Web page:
Archive | ISS14


Posts about the 2014 International Summer School

International Summer School 2014: online archive now available!


#ISS14: one of the most inspiring events in the international trade union calendar! This year’s hugely successful GLI International Summer School took place from Monday 7th – Friday 11th July. The School saw over 80 labour movement delegates from 28 countries descend upon Northern College in Barnsley, UK for an inspiring week of debate, discussion […]

#ISS14: The radical is now the practical


This was the message which emerged from plenary ‘What should the political vision and strategy of the international trade union movement be?‘ at the GLI International Summer School The irony of globalisation, argued Sam Gindin of York University, is that the nation-state is now more important than ever. Without coordination by nation-sates at the international […]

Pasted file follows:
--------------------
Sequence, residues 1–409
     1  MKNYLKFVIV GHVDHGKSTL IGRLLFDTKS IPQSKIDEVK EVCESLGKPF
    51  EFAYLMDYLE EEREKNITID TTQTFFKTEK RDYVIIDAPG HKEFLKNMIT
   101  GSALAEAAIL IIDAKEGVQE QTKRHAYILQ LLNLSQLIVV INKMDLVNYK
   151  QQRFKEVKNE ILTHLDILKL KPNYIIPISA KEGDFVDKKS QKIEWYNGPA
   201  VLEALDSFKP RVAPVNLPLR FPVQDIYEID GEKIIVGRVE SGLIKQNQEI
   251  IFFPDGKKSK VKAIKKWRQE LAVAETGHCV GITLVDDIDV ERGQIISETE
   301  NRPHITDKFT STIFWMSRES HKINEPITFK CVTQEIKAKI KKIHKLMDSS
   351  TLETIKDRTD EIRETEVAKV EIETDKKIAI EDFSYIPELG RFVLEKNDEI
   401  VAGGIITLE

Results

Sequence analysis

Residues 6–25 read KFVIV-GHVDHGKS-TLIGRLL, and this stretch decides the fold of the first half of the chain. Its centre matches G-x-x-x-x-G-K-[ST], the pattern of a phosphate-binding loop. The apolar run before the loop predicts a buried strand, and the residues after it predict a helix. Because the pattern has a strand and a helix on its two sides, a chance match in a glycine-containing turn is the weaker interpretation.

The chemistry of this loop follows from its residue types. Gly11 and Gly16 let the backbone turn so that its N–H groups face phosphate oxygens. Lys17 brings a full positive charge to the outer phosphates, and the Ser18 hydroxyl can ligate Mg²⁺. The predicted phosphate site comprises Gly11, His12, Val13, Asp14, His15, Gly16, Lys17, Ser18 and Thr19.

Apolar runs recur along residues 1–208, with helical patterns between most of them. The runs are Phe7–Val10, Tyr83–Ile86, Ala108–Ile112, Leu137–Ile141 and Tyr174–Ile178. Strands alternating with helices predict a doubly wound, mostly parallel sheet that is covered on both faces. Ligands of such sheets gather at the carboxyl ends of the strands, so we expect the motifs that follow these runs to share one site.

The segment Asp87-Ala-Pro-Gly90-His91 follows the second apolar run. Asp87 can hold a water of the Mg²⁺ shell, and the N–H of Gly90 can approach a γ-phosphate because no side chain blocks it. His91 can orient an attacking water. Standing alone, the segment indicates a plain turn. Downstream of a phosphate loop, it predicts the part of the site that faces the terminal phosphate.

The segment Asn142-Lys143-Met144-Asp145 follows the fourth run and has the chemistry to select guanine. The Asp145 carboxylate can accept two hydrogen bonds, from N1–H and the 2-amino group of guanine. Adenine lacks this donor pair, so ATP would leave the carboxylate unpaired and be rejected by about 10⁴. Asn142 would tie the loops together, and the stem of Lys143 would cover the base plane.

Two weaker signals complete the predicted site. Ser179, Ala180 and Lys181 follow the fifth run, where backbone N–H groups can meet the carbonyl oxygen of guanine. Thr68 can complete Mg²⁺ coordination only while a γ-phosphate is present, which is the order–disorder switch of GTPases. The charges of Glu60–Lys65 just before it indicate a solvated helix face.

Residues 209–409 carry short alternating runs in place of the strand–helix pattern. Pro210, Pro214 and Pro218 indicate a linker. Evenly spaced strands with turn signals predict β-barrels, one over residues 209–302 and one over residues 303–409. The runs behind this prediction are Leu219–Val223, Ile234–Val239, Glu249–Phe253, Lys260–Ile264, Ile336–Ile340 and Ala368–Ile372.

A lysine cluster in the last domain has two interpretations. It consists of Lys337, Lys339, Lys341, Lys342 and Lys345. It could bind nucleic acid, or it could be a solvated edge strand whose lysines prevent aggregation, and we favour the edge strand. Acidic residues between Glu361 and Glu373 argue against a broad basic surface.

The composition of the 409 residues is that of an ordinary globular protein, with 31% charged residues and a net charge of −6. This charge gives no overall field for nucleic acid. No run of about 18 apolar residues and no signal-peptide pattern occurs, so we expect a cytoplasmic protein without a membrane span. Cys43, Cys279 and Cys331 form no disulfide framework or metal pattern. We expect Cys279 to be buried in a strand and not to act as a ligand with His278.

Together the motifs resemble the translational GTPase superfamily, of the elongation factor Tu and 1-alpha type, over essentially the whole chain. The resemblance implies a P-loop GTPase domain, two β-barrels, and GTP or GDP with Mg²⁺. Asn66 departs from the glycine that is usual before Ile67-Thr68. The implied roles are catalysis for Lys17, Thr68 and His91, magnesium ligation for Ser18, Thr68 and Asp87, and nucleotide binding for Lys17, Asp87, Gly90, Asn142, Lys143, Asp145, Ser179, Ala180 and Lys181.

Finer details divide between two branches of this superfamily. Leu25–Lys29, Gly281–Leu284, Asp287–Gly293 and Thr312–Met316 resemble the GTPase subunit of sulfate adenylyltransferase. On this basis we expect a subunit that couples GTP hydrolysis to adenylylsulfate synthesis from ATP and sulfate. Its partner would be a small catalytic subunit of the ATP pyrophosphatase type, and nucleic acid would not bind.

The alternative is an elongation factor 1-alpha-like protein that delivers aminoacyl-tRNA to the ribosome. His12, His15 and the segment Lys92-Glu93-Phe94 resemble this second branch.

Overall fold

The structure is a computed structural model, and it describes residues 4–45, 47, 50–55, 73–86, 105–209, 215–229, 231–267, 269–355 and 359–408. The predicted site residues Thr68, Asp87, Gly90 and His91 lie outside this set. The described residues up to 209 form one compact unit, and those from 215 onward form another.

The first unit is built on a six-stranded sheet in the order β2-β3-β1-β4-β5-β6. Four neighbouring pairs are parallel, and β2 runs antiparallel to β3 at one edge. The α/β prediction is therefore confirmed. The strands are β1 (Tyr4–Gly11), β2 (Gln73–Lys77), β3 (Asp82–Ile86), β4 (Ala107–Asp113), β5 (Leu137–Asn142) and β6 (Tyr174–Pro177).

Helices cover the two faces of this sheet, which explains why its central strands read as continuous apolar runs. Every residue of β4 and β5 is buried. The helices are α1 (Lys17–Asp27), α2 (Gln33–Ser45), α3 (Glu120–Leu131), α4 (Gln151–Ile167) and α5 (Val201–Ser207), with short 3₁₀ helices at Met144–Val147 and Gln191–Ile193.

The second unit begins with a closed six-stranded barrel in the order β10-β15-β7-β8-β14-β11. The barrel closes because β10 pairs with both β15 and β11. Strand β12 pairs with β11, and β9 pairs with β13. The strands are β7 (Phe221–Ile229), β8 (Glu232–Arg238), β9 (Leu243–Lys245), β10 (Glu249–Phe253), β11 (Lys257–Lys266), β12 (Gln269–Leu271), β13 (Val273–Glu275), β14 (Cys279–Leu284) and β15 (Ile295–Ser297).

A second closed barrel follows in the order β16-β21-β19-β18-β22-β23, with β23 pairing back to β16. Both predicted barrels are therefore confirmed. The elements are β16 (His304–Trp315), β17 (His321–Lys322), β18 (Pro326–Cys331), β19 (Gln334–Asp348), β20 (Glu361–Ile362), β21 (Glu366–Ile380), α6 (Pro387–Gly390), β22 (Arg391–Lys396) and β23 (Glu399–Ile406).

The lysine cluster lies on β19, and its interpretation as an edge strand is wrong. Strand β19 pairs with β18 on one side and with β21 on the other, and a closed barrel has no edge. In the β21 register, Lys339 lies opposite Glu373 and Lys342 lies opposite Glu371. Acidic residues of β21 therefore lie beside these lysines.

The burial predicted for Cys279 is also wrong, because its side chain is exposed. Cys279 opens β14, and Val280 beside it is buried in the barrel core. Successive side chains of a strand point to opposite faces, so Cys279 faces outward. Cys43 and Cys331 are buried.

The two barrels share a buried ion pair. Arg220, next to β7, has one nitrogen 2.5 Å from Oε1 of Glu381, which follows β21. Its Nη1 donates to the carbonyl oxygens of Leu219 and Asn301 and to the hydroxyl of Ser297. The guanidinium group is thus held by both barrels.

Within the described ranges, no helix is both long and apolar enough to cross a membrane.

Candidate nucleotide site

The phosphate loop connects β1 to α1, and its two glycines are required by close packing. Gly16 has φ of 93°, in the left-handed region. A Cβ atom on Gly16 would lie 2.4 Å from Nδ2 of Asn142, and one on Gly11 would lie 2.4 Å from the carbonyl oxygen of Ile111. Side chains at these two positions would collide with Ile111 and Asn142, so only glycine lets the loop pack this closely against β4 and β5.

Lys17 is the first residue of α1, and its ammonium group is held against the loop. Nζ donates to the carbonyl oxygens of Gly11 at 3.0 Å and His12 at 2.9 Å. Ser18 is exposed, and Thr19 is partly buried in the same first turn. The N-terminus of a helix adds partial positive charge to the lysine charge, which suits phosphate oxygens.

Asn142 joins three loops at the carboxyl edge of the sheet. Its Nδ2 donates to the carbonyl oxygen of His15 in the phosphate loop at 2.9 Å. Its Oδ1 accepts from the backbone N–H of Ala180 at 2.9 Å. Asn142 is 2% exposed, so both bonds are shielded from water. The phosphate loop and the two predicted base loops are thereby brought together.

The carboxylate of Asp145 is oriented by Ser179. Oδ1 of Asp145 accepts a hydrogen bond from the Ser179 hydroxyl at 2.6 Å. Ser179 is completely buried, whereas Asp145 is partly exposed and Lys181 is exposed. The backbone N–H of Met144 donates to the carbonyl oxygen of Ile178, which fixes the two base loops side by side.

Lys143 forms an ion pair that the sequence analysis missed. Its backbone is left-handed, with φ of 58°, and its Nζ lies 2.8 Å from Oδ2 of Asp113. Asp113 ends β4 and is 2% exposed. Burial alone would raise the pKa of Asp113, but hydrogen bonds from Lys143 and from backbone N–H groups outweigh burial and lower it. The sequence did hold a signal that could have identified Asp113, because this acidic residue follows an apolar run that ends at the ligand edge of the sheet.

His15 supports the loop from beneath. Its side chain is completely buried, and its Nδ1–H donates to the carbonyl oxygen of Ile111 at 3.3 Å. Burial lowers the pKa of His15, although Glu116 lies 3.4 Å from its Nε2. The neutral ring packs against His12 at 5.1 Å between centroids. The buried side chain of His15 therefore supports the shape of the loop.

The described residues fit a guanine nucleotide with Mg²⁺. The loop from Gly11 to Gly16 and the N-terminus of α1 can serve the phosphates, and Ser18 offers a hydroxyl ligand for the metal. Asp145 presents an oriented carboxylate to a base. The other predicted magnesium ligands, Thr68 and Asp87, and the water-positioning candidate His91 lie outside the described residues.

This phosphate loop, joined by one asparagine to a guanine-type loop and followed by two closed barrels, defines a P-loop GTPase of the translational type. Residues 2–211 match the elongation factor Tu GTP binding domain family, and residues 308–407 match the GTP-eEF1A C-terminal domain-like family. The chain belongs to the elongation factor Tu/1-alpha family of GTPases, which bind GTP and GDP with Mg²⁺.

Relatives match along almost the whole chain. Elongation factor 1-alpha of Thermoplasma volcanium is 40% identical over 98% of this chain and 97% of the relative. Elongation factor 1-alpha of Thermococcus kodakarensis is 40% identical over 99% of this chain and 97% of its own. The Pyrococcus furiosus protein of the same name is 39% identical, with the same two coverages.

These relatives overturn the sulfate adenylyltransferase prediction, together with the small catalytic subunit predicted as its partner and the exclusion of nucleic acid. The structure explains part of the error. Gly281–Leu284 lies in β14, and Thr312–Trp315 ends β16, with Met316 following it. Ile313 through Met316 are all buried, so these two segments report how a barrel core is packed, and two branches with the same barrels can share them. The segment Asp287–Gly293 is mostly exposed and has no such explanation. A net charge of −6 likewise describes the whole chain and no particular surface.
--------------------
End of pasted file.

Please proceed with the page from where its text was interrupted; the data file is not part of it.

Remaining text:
#ISS14: We must question everything in order to organise precarious workers


This article draws on the plenary ‘Organising Informal & Precarious Workers’ at the GLI International Summer School. The late 20th and early 21st centuries have seen a decline of labour movements in the global north which few would have predicted. Not only has trade union membership in many countries declined but so too has collective […]

#ISS14: ‘Democratic, libertarian, revolutionary’ – socialist unionism under neoliberalism


[This article draws on the plenary “Are we socialists, and what do we mean by “socialism”?] Blair. Alex Tsipras. Pol Pot. Gramsci. Stalin. What do they have in common? Answer: they’ve all called themselves socialist at some point. Socialism is clearly a slippery thing to define, then. Khaled Mahmood, Labour Education Foundation (Pakistan), says it […]

#ISS14: Stay Together for the Kids or Divorce? Unions and Social Democratic Parties


This article draws on the plenary Union-Party Relationships: Stay together for the sake of the children or get a divorce? There’s a few ways to think about unions and their relationship with parties. Warring lovers? Separated? Have parties already left their former union bedfellows? Here in the UK, the relationship is certainly on the rocks. […]